The women of Gee’s Bend—a small, remote, black community in Alabama—have created hundreds ofquilt masterpieces dating from the early twentieth century to the present. The Quilts of Gee’s Bend tells the story of this town and its art.
Gee’s Bend quilts carry forward an old and proud tradition of textiles made for home and family. They represent only a part of the rich body of African American quilts. But they are in a league by themselves. Few other places can boast the extent of Gee’sBend’s artistic achievement, the result of both geographical isolation and an unusual degree of cultural continuity. In few places elsewhere have works been found by three and sometimes four generations of women in the same family, or works that bear witness to visual conversations among community quilting groups and lineages. Gee’s Bend’s art also stands out for its flair—quilts composed boldly and improvisationally, in geometries that transform recycled work clothes and dresses, feed sacks, and fabric remnants.
Resembling an inland island, Gee’s Bend is surrounded on three sides by the Alabama River. The residents’ ancestors worked the cotton plantations there, first as slaves, then for several generations as tenant farmers. In the 1930s Gee’s Bend was identified, perhaps wishfully, as “an Alabama Africa” and “another civilization.” Because this tightly knit society had remained mostly isolated from the surrounding world, the people of Gee’s Bend were considered living relics of nineteenth-century life. During the depths ofthe Great Depression, the federal government intervened to lift up Gee’s Bend—and photograph the”before” and “after.” Those images, by Arthur Rothstein and Marion Post Wolcott, have become icons of prewar America, and are filled with the women whose quilts the book features.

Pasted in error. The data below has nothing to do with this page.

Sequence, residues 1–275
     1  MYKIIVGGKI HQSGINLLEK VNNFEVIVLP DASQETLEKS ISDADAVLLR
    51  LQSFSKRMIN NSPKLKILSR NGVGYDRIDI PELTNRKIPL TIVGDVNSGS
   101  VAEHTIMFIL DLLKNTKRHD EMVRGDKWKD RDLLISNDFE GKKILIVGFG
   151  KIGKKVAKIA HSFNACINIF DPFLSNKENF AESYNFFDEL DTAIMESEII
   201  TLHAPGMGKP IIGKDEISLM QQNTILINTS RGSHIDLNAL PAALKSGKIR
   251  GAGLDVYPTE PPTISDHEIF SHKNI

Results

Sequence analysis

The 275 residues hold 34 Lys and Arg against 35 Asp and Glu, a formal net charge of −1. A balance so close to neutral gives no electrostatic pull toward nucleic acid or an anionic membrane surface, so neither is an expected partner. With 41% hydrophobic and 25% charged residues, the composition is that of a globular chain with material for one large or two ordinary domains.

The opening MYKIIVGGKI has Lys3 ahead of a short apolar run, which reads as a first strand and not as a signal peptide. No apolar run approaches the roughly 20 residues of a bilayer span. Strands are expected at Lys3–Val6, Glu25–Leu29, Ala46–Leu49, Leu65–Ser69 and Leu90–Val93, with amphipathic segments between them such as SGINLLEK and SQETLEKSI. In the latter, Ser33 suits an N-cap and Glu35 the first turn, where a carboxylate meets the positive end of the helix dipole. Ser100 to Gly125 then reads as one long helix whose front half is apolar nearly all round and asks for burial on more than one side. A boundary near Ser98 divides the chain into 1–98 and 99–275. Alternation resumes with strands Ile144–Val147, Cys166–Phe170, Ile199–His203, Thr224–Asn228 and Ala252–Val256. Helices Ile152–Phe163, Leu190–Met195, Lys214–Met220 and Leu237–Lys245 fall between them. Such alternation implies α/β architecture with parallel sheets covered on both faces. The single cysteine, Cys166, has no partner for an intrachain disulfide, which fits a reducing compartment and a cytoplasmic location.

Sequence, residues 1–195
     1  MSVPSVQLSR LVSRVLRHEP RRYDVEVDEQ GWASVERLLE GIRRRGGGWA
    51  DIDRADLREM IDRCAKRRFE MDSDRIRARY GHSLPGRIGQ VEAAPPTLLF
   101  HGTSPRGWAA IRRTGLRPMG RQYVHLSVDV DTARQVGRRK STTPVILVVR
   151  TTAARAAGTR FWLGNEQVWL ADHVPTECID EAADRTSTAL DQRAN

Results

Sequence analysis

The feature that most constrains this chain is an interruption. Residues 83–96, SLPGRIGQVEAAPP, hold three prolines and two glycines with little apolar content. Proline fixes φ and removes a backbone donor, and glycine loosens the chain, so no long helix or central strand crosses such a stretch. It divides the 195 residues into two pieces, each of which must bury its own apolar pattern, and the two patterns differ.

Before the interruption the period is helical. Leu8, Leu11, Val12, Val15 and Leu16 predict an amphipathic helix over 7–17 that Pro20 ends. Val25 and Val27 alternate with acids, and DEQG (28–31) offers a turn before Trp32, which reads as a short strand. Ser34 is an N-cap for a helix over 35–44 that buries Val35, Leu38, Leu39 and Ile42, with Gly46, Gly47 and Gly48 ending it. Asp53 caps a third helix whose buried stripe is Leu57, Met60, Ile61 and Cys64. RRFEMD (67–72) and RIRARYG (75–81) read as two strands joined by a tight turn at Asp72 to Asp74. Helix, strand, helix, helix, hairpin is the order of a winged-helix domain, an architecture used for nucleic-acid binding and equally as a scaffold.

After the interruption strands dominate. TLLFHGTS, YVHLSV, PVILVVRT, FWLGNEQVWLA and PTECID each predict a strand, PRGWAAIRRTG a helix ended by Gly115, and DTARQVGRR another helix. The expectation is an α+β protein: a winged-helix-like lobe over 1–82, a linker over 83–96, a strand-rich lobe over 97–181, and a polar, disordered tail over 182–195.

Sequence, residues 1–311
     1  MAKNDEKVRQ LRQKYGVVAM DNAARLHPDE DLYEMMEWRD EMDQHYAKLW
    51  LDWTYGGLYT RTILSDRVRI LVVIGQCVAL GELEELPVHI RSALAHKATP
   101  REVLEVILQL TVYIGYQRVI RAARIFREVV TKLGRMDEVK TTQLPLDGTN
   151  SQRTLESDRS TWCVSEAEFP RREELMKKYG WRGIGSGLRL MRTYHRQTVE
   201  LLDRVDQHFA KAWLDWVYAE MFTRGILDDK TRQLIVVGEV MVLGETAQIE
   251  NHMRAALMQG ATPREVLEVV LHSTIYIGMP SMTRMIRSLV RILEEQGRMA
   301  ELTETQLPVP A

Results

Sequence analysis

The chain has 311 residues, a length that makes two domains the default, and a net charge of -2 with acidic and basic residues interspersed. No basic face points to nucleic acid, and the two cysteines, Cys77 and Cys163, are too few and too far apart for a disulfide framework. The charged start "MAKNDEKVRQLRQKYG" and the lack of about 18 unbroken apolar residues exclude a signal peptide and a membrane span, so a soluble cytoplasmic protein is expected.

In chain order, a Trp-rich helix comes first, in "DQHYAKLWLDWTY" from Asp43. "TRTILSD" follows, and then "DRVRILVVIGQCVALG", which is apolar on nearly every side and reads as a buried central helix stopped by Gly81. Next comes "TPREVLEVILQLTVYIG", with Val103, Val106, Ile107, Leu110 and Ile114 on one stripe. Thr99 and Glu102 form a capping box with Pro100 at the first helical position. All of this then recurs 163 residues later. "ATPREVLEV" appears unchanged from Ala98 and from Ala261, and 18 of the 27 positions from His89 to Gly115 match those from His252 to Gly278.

Together with the exhibition organized jointly by the Museum of Fine Arts, Houston, and the Tinwood Alliance, the book illuminates three themes in American quilts: quilts as sophisticated design, quilts as vessels of cultural survival and continuity, and quilts as portraits of women’s identities. These women brought a uniquely local flavor to the one visual tradition widely practiced by Americans of every social class, ethnicity, religion, and region. They made an American pastime the literal fabric of their lives—an art that binds the individual’s imagination to family, friends, neighborhood, and the greater community.
The quiltmakers’ narratives brim with humor and resilience. Whether recalling their enslaved ancestors forced to walk from North Carolina to Alabama, a great-grandmother born in Africa, living off the land after their property was foreclosed, or crossing the river to march for the right to vote, the memories ofthese remarkable women match the eloquence and power of their quilts.